Workers of the world/readers unite! This May Day, we’ve collected some excellent fiction and nonfiction related to economic justice (plus a very handsome tote) at an affordable price. Sure, it’s not quite the same as taking a baseball bat to office equipment, but it’s still a lot of fun.
Debt: The First 5,000 Years by David Graeber
Replace your little red book with a big one is what we always say. Graeber’s fascinating of history of the evolution of debt investigates one of man’s oldest constructs from its purely moral implication prior to the invention of money all the way to its institutionalization in the modern world. Dubbed the “Anti-Leader” of OWS for his foundational role in the movement, Graeber helped launch a movement that has succeeded where so many have faltered in the past and Debt has quickly proven to be one of the most important nonfiction titles in quite some time. (Read more about the book HERE.)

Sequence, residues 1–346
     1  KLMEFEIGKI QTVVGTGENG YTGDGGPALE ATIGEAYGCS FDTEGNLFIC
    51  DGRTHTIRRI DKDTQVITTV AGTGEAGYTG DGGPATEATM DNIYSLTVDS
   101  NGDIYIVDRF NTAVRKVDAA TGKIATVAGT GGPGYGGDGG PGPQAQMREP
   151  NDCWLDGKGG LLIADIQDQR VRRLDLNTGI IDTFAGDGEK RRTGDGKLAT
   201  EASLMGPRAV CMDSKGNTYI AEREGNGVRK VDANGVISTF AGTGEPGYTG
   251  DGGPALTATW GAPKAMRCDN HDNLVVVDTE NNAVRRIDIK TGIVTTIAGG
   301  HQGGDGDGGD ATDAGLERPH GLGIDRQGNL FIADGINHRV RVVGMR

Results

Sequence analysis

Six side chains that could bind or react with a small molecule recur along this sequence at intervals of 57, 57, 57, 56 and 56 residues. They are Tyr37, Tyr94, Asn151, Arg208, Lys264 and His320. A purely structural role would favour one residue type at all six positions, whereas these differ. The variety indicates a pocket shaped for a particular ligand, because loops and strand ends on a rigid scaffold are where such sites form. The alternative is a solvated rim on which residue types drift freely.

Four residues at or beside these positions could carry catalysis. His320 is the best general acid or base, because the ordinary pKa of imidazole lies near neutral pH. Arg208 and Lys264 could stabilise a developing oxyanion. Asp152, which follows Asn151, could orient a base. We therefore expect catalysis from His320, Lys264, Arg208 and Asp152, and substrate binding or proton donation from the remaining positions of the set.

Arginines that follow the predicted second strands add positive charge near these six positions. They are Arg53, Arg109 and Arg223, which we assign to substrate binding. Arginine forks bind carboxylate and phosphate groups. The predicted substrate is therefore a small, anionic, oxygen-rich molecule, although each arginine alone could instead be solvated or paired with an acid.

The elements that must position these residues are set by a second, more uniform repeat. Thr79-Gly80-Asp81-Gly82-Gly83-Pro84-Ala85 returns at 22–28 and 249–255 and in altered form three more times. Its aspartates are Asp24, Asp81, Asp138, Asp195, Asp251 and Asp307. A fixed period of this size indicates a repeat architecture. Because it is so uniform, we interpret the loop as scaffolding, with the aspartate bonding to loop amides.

Bartleby, The Scrivener by Herman Melville
We’re including the most popular title from our Art of The Novella line (which is where the phrase on our tote comes from) because, well this is where it all began, 29 years before the Haymarket affair. In order to answer the question of WWBD (What would Bartleby do?) you must first know what Bartleby did, right? Remember, it’s all about the preference. (Read more about the book HERE.)
May Day by F. Scott Fitzgerald
How could we resist? May Day is the rawest political commentary Fitzgerald ever wrote, and one of the most desperate works in his oeuvre. It is a tale of the brutalities of the American class system—of privileged college boys, soldiers returned from a bloody war, and a group of intellectual leftwing journalists, all coming into confrontation in the heart of New York City on May Day at the end of World War I. (Read more about the book HERE.)
The Bartleby Bag
This chic tote sports the infamous words of Wall Street’s first rebel, Bartleby the Scrivener, who proclaimed once and for all that, “I would prefer not to” be a part of your materialistic society. The bag is great for stowing a Guy Fawkes mask or a few cans of spray paint (for making signs of course) while doubling as an instant declaration of your intentions. For a larger list of potential objects you can carry in your Bartlebag you can go HERE.
In sum that’s three books and a tote bag—a $64 value—for the low, low price of $40. A savings of $24 for those of you out there that keep track of such things.